Sunday, October 9, 2011

Obama's anti-Jobs bill

If Barack Obama has his way — that is, if the policies he has advocated actually become law — another Steve Jobs would be squashed in his garage by government busybodies or (should he miraculously survive) regulated and taxed to death by federal bureaucrats. Steve Jobs was a walking embodiment of the American spirit of innovation. Barack Obama’s entire administration is dedicated to stamping out that spirit. He wants to centralize innovation, punish success, and regulate ingenuity. Obama’s fundamental error is his belief that economic success lies in redistributing rather than in creating wealth. His so-called “Jobs Bill” is in reality an anti-jobs bill. Despite his apparent personal fondness for Steve Jobs, the sad irony is that the bill is also at bottom an anti-Jobs bill.

Christians fight for rights in Egypt

Cairo clashes draw Christians, Muslims, military in worst violence since Mubarak ouster

Flames lit up downtown Cairo, where massive clashes raged Sunday, drawing Christians angry over a recent church attack, hard-line Muslims and Egyptian security forces. At least 24 people were killed and more than 200 injured in the worst sectarian violence since the uprising that ousted Hosni Mubarak in February.

The rioting lasted late into the night, bringing out a deployment of more than 1,000 security forces and armored vehicles to defend the state television building along the Nile, where the trouble began. The military clamped a curfew on the area until 7 a.m.

Cain to protesters: stop playing the victim card

Republican presidential contender Herman Cain amplified his criticism Sunday of the growing Occupy Wall Street movement, calling the protesters “jealous’ Americans who "play the victim card” and want to “take somebody else’s” Cadillac.

Cain’s remarks, on CBS’ "Face the Nation," came amidst an escalating war of words between Republicans and Democrats over the merits of the movement, which has spread from New York to other cities across the nation, including Washington and Los Angeles.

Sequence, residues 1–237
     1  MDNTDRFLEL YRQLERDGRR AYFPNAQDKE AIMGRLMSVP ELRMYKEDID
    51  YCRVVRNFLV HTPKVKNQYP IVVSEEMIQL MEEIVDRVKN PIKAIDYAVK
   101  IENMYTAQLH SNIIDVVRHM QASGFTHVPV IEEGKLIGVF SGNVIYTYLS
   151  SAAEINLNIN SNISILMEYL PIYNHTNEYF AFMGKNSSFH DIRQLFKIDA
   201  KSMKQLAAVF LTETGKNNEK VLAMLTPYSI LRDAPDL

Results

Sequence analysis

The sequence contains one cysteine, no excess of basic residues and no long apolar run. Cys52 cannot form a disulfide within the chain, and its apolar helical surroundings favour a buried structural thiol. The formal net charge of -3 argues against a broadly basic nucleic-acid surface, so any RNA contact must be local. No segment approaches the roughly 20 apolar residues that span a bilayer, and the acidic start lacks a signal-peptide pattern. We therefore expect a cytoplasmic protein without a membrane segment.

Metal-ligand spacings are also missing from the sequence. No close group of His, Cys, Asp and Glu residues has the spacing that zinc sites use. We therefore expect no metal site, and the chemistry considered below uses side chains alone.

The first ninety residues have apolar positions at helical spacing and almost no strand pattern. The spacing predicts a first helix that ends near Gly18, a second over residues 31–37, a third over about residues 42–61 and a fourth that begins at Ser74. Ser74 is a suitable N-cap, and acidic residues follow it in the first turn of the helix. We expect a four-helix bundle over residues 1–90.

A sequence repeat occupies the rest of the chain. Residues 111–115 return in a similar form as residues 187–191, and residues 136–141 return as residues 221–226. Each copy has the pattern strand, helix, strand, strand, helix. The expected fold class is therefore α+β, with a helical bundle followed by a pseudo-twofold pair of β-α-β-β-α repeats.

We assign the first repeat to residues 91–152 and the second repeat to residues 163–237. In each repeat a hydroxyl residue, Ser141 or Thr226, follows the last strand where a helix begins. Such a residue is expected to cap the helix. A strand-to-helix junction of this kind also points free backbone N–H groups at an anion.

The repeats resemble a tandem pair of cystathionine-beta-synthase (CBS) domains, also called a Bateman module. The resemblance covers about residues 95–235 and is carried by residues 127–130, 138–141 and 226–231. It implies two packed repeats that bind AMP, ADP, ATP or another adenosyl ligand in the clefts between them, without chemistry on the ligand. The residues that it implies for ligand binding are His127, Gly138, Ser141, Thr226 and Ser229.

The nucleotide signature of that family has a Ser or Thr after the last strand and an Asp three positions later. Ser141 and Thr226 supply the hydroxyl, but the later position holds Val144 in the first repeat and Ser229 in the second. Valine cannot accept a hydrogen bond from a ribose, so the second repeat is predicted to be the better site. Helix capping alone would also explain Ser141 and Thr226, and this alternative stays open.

I love this guy! Bring it!

American basketball player killed in Romania

Authorities say American basketball player Chauncey Hardy has died after being attacked in a bar in Romania.

Romanian Basketball Federation chief Carmen Tocala told GSP radio that Hardy died Sunday, suffering two heart attacks following his beating Saturday night.

Police spokeswoman Mirela Gheta said the 23-year-old Hardy had severe head injuries and was in a coma when he was admitted to the hospital.

Hardy died shortly after undergoing surgery in a Bucharest hospital.

Hardy played for CSS Giurgiu in southern Romania and was celebrating a victory over rival Dinamo Bucharest in Giurgiu when several men were reported to have attacked him.

Maybe we'll see how much Teflon he wears

House Panel to Subpoena Holder Over His Role in 'Fast and Furious'

Walk on the wild side

El Caminito del Rey: Thrillseekers risk lives in walk along 'world's most-dangerous path'

A group make their way round the most dangerous path in the world

People have been flocking to take on the precarious El Caminito Del Rey in southern Spain after a video of a walker braving the trail without safety equipment went viral on Youtube

Fast and Furious weapons were found in Mexico cartel enforcer's home

High-powered assault weapons illegally purchased under the ATF's Fast and Furious program in Phoenix ended up in a home belonging to the purported top Sinaloa cartel enforcer in Ciudad Juarez, Mexico, whose organization was terrorizing that city with the worst violence in the Mexican drug wars.

In all, 100 assault weapons acquired under Fast and Furious were transported 350 miles from Phoenix to El Paso, making that West Texas city a central hub for gun traffickers. Forty of the weapons made it across the border and into the arsenal of Jose Antonio Torres Marrufo, a feared cartel leader in Ciudad Juarez, according to federal court records and trace documents from the Bureau of Alcohol, Tobacco, Firearms and Explosives.,0,6431788.story?track=rss